Mapping Memories of Place and Space: Peter Anderson and Caleb Brown

Mapping Memories of Place and Space: Peter Anderson and Caleb Brown

Mapping Memories of Place and Space

Mapping Memories of Place and Space: Peter Anderson and Caleb Brown

Opening Reception, Friday, May 10, 5-7 PM | The Rebecca Lawrence Gallery | The Clifford B. West Gallery

Peter Anderson’s current work combines a fascination with two ideas: maps and memory. For him, a map is an abstracted image – a view of a specific location as seen from above in two dimensions, without a horizon line.  He combines that point of view with memories of places he has lived in or traveled to over the last 73 years.  He doesn’t create one discreet image of a place but a series of related pieces which are variations of memories and dreams of those locations.  Anderson’s work is a combination of painting, printmaking, and in some cases, digital manipulation.  His goal is to evoke the experience of remembering where he has been– not a representation of what it looked like.

For Caleb Brown, a map of the past is built of superimposed layers. Like the grid of roads and splotches of vegetation printed on a paper map, multiple levels of information must be viewed together to get the whole picture, a picture that is flat and three-dimensional at the same time. The first layer of the map addresses memory and the past. Juxtaposed objects with differing scales, weights, and surfaces enact human relationships. Some of Brown’s work combines images of vehicles that either transport cargo from here to there (cars and trucks) or transform their contents into waste. The second layer presents the ravages of time. (Brown painted most of these small watercolors while caring for his mother in home hospice during the fall and winter of 2023.) At first, we note the pristine treats or appealing produce, but soon observe bruising as the food ages. We unconsciously assess what can be salvaged and which items are safe enough to eat. With everything going bad, the only elements immune to decay are the plastic fruit stickers. A third layer challenges the notion of containment; none of these sculptural paintings are forced into rectangles. Just as a living body occupies more space as it grows, the irregular contours of these panels assert themselves against an unbroken gallery wall (or project into the gallery itself). In addition, Brown’s chosen subjects are open or have been forced open. For example, the two-sided wooden station wagon painted on rigid foam insulation is shedding its foil wrapper. In another work, we are looking into a cardboard box at a broken toy, the interior of a toy; is physically exposed, creating a literal cut-away view. Then, just at the point when the symbolism is making sense, we must dispense with the map we’ve been given and find our way. After all, maps are not real. The artwork in Mapping Memories of Place and Space is real, however, and despite the layers of meaning, it celebrates unexpected combinations of forms using unexpected materials. Unlike the conceptual map, Caleb Brown’s art is tangible and hand-built… and fun to get lost in.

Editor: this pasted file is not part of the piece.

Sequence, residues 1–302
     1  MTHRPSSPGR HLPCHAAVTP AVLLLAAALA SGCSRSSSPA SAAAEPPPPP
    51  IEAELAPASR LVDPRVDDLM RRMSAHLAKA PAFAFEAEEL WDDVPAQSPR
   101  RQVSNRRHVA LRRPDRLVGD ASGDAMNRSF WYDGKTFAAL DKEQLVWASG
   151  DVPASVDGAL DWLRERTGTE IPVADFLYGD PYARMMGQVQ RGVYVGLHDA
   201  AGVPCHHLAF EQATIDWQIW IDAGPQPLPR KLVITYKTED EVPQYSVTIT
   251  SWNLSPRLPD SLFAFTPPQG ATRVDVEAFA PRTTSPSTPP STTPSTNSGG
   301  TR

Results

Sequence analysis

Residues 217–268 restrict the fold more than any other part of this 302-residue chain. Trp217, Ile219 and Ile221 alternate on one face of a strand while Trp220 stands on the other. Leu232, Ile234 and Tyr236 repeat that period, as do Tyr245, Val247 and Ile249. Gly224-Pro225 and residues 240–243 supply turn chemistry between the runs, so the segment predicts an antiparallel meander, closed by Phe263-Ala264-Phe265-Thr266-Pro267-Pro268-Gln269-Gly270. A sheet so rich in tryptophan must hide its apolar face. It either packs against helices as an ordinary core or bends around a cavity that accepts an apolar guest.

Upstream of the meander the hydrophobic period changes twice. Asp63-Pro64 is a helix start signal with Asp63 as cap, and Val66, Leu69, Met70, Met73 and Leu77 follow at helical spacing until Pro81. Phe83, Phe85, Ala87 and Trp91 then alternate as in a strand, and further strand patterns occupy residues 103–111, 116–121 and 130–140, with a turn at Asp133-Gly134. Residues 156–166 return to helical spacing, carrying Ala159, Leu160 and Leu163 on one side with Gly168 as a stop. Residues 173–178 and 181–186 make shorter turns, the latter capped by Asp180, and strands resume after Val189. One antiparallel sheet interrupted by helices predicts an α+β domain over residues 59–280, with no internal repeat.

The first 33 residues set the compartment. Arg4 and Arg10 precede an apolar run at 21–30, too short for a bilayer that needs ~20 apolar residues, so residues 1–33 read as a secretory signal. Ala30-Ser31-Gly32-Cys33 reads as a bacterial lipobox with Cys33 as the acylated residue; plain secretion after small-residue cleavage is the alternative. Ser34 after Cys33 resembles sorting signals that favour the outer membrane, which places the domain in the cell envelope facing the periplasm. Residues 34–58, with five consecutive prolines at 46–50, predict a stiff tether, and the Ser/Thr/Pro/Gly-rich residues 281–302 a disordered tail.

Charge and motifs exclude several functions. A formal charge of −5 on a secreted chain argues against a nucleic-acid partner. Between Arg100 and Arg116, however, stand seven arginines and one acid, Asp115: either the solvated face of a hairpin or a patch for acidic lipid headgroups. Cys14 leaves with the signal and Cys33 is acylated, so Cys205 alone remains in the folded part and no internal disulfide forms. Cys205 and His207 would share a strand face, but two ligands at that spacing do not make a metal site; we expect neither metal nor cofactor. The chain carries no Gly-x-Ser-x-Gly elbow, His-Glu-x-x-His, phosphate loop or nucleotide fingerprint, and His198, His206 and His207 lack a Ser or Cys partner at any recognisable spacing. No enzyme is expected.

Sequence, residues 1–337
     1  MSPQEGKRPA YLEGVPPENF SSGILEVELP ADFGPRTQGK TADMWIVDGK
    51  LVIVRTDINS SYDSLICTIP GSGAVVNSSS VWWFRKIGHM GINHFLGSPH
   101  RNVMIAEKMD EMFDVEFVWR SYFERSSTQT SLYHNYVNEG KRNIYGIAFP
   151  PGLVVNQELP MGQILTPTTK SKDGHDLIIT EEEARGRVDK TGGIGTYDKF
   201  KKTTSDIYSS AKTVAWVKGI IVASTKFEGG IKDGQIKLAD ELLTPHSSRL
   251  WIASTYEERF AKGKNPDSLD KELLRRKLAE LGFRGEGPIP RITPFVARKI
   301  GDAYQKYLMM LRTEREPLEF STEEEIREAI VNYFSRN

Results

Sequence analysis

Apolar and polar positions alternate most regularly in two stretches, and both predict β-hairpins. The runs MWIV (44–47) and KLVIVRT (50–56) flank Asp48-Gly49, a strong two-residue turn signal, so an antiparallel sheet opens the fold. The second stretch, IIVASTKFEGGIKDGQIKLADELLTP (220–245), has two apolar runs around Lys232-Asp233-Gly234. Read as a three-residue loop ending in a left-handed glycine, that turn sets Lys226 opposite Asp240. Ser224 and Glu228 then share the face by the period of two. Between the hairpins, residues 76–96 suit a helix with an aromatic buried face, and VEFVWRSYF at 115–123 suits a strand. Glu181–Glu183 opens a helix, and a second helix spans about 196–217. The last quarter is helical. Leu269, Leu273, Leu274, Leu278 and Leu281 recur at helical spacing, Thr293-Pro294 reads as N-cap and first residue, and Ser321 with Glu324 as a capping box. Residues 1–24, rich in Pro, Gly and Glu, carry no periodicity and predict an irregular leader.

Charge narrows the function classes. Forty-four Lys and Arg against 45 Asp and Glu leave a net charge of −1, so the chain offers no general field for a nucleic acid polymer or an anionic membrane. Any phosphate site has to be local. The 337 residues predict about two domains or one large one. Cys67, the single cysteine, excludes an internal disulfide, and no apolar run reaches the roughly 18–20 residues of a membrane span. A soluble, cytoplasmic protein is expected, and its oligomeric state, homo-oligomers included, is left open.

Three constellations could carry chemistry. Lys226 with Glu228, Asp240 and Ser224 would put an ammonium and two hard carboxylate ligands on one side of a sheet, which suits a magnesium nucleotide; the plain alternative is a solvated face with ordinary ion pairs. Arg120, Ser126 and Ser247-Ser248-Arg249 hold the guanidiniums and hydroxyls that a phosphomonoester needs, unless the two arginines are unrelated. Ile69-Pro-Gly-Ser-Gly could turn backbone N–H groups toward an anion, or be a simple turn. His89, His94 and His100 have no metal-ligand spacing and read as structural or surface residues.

Peter Anderson | Biography

Peter Anderson was born in Roswell, NM. He grew up there and in Colorado.  For the last 50 years, he has been involved in several vocations: English teacher in Japan, international banker, entrepreneur, and founder of an apparel manufacturing company.  Since the mid-1990s Peter has been involved with several technology/software companies including SAP and Salesforce.  For the last 16 years, he has been a partner in a systems integration consulting firm. During that time Anderson has always studied and made art. In 2000, he and his wife Patti moved from New York City to Canaan, NH, and for the first time was able to have a proper studio space which allowed him to start working in larger formats and experiment with new processes.   He currently lives and maintains a studio in New London, NH.

Caleb Brown | Biography

Caleb Brown was born in Boston, MA in 1969. He earned a graduate printmaking certificate at the Kyoto University of Art in Japan in 1990 and a BA in visual art and religious studies from Brown University in 1991. He has exhibited in the U.S. and abroad including at Praise Shadows Art Gallery in Brookline, Massachusetts; the Bromfield Gallery in Boston, MA; the Danforth Museum in Framingham, MA; the Nassau County Art Museum in Sandy Point, New York; the Vanderbilt Estate Museum in Centerport, NY; The Hague Museum of Art (the Netherlands); and the Dino Gallery (Japan). Caleb and his wife live and work in Massachusetts and have adult twin sons.

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